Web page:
You'll also notice the sticking point is when the forearm is parallel to the ground. I'm sure we've all felt this phenomenon, mostly when swinging a weight up for a nice cheat curl, where the bar suddenly stops halfway up, and gets significantly easier once that point is broken. The same happens at parallel in squats, or when the upper arm hits parallel in the bench press.

What Can It Do For Me?

So what does this mean for us? How can all this mumbo-jumbo help us maximize our gains? Well if our goal is maximal overload, then this tells us that we want the most force we can get on our muscle. Where is this point? Well we just established that it's at the point where the y component is at its greatest (parallel to the ground), so we want as much weight as we can get there, as often as we can get it there.

It's great to move in a controlled manner, realize that the force on the muscle lessens quickly the further from the "tweak" point (as I call it). As such, we could, in effect, gauge the quality of our workouts by how frequently we push a weight through this tweak point. To an extent at least.

So what does this mean? Well, it means that a little bit of body English at the bottom of a movement isn't necessarily a bad thing. It also means that the negative can't be ignored at all, since the negative portion includes another pass-through of the tweak point, so we want to make sure to be applying as much force as possible there.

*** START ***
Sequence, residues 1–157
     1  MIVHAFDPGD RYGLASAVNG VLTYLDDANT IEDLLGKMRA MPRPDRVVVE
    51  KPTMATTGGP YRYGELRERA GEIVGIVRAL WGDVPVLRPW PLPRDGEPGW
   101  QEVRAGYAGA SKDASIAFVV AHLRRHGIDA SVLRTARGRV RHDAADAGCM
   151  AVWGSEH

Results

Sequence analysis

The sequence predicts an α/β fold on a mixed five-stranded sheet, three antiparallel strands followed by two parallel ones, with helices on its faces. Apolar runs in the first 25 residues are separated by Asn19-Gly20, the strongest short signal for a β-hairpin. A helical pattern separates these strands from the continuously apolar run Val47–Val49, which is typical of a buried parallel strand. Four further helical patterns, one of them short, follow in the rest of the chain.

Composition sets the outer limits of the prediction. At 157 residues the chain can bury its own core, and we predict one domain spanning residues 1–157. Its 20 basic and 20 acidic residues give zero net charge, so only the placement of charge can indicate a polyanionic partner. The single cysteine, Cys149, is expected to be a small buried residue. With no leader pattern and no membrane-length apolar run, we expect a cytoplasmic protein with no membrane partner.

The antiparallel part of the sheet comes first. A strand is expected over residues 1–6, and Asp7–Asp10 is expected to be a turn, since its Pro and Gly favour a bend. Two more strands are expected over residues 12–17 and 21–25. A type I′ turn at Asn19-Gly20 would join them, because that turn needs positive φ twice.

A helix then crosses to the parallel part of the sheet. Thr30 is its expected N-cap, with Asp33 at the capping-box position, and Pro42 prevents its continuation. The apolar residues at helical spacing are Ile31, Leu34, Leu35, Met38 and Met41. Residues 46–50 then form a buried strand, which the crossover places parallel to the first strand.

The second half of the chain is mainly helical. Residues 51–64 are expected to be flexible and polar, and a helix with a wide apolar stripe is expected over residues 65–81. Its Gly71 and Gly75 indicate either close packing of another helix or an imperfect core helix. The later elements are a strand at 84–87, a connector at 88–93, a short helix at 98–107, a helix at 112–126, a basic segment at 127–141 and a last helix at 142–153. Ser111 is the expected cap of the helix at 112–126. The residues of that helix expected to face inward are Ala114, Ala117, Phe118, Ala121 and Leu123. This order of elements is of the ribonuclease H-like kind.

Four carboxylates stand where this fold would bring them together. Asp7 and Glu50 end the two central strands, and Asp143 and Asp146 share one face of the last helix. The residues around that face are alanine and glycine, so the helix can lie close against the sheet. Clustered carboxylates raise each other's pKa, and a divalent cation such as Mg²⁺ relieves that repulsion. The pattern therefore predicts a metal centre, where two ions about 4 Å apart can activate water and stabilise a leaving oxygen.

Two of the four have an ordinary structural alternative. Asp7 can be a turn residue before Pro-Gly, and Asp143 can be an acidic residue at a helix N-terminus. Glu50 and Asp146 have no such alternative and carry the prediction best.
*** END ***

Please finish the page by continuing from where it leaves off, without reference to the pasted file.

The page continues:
To an extent, this will fly in the face of any type of repetition timing program, since for use we want to pause for as little as possible at the top and bottom of the movement so we can get as many pass-throughs of the tweak point as possible. There's no need for a peak contraction, don't pause to feel the stretch, keep that weight moving at all times.

Time spent at the top or bottom of the movement could mean the difference between a failed rep and two more pass-throughs. Think about it, you're guaranteed to get the negative, it's the positive that's the question, and so quitting halfway through a rep robs you of quite a bit of stress on the muscle.

This also means that for some movements, doing the top half is beneficial over the bottom. It takes much more force to change a weight's direction from down to up than it does to let the weight fall again. This is most prevalent again with a barbell curl for those who have tried 21s.

Doing the 7 reps of the top half of the movement is considerably harder than doing them at the bottom. This isn't applicable for, say, the bench press, since the top half of the movement is mostly triceps, and for squats doing partials is death on the knees.


The simple lesson for this all (I realize not everyone will read it all), is that from a strictly physical sense, the point of greatest stress on a muscle is always at the point where the limb in use is perpendicular to the force, so spending time at the stretch and contraction are not necessarily helpful, though a full range of motion is always necessary.

For your next workout, feel free to do a bit of cheating on your skullcrushers or dumbbell curls, get through that tweak point, and feel it again on the way down. Don't waste energy feeling that contraction at the top or the stretch at the bottom. See how well your gains go after this. But above all, be safe about it.